Speech: “Turn promises into progress”—Åsa Regnér
Remarks by Assistant-Secretary-General and Deputy Executive Director of UN Women, Åsa Regnér, during the session “Reviewing progress in achieving the SDGs” at the High-level Political Forum on Sustainable Development on 9 July in New York.
Date: Tuesday, July 10, 2018
The adoption of the 2030 Agenda was a global victory for gender equality.
Not only did United Nations Member States commit to making sustainable development a reality for all countries and all people, they also recognized that gender equality is central to this endeavor: itself an important goal and a catalyst for progress across many other goals and targets.
The fact that we have a stand-alone goal that includes a comprehensive list of issues that women’s movements across the world have been fighting for over decades is an enormous achievement. Eliminating violence against women and recognizing unpaid care and domestic work, for example, were absent from the MDGs. The fact that they are now part of the SDGs shows that we have succeeded to bring them into the ‘mainstream’.
The implementation of the 2030 Agenda holds the potential to transform the lives of women and girls all over the world. But is this potential being met? Our global report “Turning Promises into Action” provides answers to this question. It is UN Women’s contribution to the HLPF and to monitoring progress on the SDGs, putting the spotlight on women and girls.
Despite progress on some fronts, gender inequalities remain pervasive in every dimension of sustainable development; and in many areas, progress is too slow to achieve the SDGs by 2030. Brand new data on extreme poverty, for example, reveals that globally there are 4 more women for every 100 men living on less than $1.90 a day. Almost 30 per cent of the world’s population still lacks access to safe drinking water. Women and girls are responsible for water collection in 80 per cent of households without access to water on premises. This work is arduous and will only become harder given increasing water scarcity. Violence against women and girls is rampant with 1 in 5 women reporting to have experienced physical and/or sexual violence by an intimate partner in the past 12 months. And while women’s representation in national parliaments has increased, it stands at a mere 24 per cent globally. A far cry from parity.
Even where progress is made, it often leaves large swaths of women and girls behind.
As soon as we look beyond national averages, there are yawning gaps between women and girls who, even within the same country, are living worlds apart. For example: A rural woman in Colombia is 12 times as likely as an urban woman to give birth without a skilled health professional attending; Women in the poorest households in Nigeria are 4.8 times as likely to be married as children as women from the richest households; In the United States, Native American/Alaska Native and Hispanic women are almost three times as likely as white women to lack health insurance.
What is needed to close these gaps and turn the gender equality promises of the 2030 Agenda into action?
Three elements will be critical for monitoring and accelerating change for women and girls.
First, we need transformative policies to achieve sustainable change at scale. This also means that governments need to systematically integrate a gender perspective in the development of all national sustainable development policies, planning processes and budgets, as well as design of services. Essential services on which millions of women and girls depend—health, water, childcare, shelters—are chronically underfunded or simply unavailable. Where they exist, they are often the first to be hit by austerity measures which are once again on the rise. In virtually all countries, there is scope for reallocating or raising domestic resources to avoid cut-backs and instead strengthen these services. To work for women, particularly those from disadvantaged and marginalized groups, the location and delivery of these services must take into account their use of time and space, particularly in relation to their unpaid care and domestic work.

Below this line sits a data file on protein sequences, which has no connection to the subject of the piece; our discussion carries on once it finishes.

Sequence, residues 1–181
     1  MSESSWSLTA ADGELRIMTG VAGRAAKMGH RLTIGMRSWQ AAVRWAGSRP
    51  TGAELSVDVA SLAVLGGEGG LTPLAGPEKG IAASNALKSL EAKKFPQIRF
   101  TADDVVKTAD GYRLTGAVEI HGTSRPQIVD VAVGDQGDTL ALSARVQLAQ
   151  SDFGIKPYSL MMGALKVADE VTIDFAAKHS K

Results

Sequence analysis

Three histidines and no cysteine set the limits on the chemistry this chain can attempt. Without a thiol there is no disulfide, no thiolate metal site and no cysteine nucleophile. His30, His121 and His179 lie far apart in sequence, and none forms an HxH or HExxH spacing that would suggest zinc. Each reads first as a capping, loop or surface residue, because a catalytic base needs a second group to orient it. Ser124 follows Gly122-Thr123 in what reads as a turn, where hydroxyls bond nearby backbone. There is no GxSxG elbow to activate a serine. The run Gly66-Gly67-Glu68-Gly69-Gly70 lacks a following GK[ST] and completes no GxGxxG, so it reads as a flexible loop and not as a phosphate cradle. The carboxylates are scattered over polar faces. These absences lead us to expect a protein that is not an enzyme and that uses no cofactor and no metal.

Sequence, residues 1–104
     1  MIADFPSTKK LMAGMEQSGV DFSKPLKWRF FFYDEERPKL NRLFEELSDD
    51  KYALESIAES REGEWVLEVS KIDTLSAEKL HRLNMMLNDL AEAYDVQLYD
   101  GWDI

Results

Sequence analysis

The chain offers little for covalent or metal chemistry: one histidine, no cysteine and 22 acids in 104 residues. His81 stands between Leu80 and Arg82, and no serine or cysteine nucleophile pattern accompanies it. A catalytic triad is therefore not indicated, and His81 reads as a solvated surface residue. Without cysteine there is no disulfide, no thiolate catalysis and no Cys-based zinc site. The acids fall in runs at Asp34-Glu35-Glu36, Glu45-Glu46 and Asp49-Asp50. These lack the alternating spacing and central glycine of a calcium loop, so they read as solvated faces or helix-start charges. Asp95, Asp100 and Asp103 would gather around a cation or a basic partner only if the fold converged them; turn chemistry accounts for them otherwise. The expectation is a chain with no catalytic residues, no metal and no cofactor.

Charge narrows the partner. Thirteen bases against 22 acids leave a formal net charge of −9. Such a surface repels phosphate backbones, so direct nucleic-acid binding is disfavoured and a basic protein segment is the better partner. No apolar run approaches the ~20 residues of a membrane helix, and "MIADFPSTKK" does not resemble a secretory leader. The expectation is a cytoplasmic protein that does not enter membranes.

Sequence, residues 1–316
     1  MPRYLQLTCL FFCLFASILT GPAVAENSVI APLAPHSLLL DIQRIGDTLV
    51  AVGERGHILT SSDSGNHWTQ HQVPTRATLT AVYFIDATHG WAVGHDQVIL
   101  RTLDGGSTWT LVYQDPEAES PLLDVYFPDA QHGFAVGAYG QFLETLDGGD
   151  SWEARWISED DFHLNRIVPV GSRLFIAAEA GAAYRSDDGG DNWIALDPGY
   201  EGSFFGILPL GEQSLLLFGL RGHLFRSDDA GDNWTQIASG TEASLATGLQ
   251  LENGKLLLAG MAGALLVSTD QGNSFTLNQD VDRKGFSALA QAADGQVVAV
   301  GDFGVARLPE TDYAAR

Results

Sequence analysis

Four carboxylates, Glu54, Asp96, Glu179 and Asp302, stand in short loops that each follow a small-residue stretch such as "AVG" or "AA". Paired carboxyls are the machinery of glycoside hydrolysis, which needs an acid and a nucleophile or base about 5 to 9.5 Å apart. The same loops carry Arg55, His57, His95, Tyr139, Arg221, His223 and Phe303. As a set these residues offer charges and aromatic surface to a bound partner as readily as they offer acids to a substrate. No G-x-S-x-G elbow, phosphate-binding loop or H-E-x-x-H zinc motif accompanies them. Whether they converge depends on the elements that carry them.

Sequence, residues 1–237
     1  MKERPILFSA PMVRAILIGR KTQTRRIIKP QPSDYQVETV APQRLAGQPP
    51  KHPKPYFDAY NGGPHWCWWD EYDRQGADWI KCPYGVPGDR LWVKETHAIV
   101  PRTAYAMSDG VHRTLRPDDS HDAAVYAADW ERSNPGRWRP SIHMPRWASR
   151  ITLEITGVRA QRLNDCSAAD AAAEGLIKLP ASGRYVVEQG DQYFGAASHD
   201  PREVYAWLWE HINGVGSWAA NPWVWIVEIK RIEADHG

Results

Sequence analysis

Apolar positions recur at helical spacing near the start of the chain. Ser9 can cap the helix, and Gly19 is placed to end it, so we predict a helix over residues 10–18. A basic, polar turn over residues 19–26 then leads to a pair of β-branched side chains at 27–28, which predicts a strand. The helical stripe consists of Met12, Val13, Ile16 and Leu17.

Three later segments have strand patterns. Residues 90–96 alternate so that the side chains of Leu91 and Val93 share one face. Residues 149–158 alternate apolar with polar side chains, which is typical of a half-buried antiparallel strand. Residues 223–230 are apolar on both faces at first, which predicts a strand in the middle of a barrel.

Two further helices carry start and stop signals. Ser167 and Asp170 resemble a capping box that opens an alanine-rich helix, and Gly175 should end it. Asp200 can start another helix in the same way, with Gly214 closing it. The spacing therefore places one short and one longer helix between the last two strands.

Second, we need better indicators and data to monitor what works for women and girls and where course corrections may be needed. We have made important headway on gender indicators since 2015. For SDG 5, for example, we did not have an established methodology for 7 out of the 14 indicators. Today we have a methodology for all but one—thanks to the work of UN Women and other UN agencies. The next challenge is to collect the data for these indicators. Currently, we have less than a third of the data needed to assess the status of gender equality in the 2030 Agenda as a whole; and an even lower share of this data is recent. To address these gaps, we need to strengthen gender statistics and support national statistical systems, particularly in developing countries.
Finally, we need to strengthen accountability for gender equality commitments at all levels. Women and girls have the right to receive explanations from those in power about actions that affect them and demand course corrections where needed. Where poor performance on women’s rights has consequences. Where incentives to advance gender equality are in place. And where women are enabled to participate in and lead decision-making processes. Better outcomes are possible.
So let us challenge ourselves, let us assess our achievements and shortfalls with honesty. This will enable us to turn promises into progress. Because progress for women is progress for all.